mkparker

Contributing writer for The Artifice.

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    The Modern Attempt to be Old-Fashioned

    Analyze the ideology behind attempting to capitalize on nostalgia and how it has effected the film industry. This includes remakes, Quentin Tarantino, and the B-list aesthetic.

    • This is absolutely everywhere, and is a super broad, big idea in my opinion--a really good one!--but definitely too big to effectively analyze in one article. A more narrow focus (like remakes, Tarantino, B-aesthetic, etc.) following a broad intro to the overall topic might be more successful and ultimately more exciting/enjoyable to read. For sure a pervasive part of the zeitgeist that many people would be interested in and probably benefit from, haha. – skohan 4 years ago
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    • I think this would be a great and interesting article. I have definitely noticed how modern culture has adopted a love for old things. It's very fashionable to wear certain things that clearly have a relation to old-fashioned styles. Music also has been taking a lot of older styles and bringing them to the surface again. It would be cool to discuss the influence on music and clothing, not just film. But those could be separate articles, even, because you could go into great detail about each thing. – Wordmaster 4 years ago
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    • I would say that the capitalization on nostalgia is due to a longing for the "good old days". I feel that a majority of the population sees the world as a hectic, overwhelming place, while the "old days" were a much simpler time. The next generation always falls short of the previous generation's expectations, and the next generation always longs for the perceived simplicity of the previous generation. It is a very circular view. I believe the use of this in film is simply an attempt to relate with this nostalgia. – DKdaVinci615 4 years ago
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    Latest Comments

    Good description of each of the games and I loved the way in which you merged it with the popes views. This poses an interesting point of conversation I think. How does religion interact with video games, and how will they in the future? Right now, there does not seem to much discussion on this matter but, as the gaming industry grows (and it is growing rapidly) there will undoubtedly be a point in which a conversation needs to be struck up. This is a great beginning to that conversation.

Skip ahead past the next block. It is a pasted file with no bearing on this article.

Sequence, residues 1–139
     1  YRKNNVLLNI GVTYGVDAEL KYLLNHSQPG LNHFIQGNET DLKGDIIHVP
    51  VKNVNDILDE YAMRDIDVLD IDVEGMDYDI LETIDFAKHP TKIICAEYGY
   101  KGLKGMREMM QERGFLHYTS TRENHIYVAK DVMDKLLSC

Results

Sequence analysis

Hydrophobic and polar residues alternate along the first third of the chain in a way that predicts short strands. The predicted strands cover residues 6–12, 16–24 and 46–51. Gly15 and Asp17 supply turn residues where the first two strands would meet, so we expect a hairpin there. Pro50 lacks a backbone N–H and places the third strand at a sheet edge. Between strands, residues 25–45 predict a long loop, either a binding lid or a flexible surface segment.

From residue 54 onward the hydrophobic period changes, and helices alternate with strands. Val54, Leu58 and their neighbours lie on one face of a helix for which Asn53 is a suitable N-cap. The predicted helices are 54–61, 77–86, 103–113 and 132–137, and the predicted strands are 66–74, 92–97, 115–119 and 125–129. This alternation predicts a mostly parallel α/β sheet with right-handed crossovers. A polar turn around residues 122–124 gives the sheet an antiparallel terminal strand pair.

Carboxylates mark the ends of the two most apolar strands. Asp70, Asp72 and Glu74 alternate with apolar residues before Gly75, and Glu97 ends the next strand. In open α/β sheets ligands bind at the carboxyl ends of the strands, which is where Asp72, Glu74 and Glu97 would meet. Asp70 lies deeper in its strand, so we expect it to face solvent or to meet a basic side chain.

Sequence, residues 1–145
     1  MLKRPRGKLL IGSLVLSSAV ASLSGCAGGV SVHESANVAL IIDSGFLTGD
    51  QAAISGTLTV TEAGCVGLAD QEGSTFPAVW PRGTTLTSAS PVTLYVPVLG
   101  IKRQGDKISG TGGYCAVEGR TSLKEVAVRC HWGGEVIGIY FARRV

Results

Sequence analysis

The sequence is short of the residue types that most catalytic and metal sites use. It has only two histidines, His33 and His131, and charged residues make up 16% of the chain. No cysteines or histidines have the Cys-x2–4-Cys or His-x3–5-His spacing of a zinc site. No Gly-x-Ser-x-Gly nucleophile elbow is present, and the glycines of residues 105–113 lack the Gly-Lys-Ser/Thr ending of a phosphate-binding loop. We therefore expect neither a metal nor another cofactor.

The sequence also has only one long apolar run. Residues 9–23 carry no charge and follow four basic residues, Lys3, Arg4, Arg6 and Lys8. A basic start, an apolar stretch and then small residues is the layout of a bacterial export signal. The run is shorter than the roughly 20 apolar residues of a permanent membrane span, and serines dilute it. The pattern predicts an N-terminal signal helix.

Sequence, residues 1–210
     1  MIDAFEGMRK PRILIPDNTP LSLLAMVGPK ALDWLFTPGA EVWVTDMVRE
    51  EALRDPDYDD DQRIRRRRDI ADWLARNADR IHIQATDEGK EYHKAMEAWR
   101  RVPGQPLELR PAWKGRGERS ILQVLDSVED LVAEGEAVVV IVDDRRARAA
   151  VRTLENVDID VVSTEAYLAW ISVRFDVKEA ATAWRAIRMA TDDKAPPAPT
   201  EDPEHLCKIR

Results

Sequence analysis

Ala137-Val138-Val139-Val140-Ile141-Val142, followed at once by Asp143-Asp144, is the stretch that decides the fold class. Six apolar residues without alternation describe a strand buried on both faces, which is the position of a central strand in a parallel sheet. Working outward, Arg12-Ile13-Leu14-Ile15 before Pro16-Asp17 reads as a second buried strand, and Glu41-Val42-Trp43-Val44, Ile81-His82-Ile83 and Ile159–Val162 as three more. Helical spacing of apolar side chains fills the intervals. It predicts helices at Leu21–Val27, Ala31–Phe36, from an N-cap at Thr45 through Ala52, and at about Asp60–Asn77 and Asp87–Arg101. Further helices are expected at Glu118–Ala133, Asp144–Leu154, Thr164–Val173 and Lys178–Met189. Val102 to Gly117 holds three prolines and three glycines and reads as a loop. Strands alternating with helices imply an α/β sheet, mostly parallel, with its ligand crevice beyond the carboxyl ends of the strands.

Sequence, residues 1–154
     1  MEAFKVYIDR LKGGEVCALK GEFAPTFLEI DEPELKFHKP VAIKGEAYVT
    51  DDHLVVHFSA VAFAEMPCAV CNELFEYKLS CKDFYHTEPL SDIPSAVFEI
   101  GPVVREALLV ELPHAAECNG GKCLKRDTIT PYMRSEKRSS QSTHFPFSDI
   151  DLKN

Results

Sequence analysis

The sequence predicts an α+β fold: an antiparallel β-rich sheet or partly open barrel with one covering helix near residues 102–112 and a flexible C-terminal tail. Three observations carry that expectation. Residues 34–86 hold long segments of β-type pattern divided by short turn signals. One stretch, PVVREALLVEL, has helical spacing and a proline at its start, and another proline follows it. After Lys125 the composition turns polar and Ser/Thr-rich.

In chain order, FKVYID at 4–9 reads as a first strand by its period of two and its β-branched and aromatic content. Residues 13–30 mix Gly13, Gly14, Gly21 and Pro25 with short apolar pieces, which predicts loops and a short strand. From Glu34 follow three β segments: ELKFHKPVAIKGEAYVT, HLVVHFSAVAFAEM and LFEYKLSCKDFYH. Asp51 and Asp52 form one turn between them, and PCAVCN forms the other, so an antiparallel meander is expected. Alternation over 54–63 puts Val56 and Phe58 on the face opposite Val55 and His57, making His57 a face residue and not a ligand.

What Would Jesus Play? (or, Gaming With the Pope)

    What a wonderful read. It was very thorough and your passion can clearly be read. As a biracial person this article spoke particularly well to me. I had a thought while reading this. Perhaps it isn’t just the lighter color of skin (though that is certainly important,) maybe there is a degree of cultural segregation at play as well. Being biracial, I grew up with two halves that inhabited two different worlds; family reunions of my black side were always far different than from my white side. Perhaps it is also the biracial’s understanding of white culture that allows them to be successful. Not necessarily on the screen per se, but behind it. In this light, minorities with a cultural understanding of white culture would have an undue upper hand.

    Exposing the Tragic Mulatta in Film

    An interesting essay. I take from this that the answer to the initial question is yes. I hope this correct. I noticed that, in the beginning, you mentioned that becoming a writer required both natural talent and what is learned. You later, however, did a sort of double-take and asserted that how you use your natural talent is learned. It is true that everyone has natural strength and weaknesses, and I agree that anyone can learn to play to their strength. What do you think of weaknesses though? Perhaps a large (maybe even larger) part of becoming a writer is about learning to cope with what you cannot do.

    Can you Teach Someone how to Become a Writer?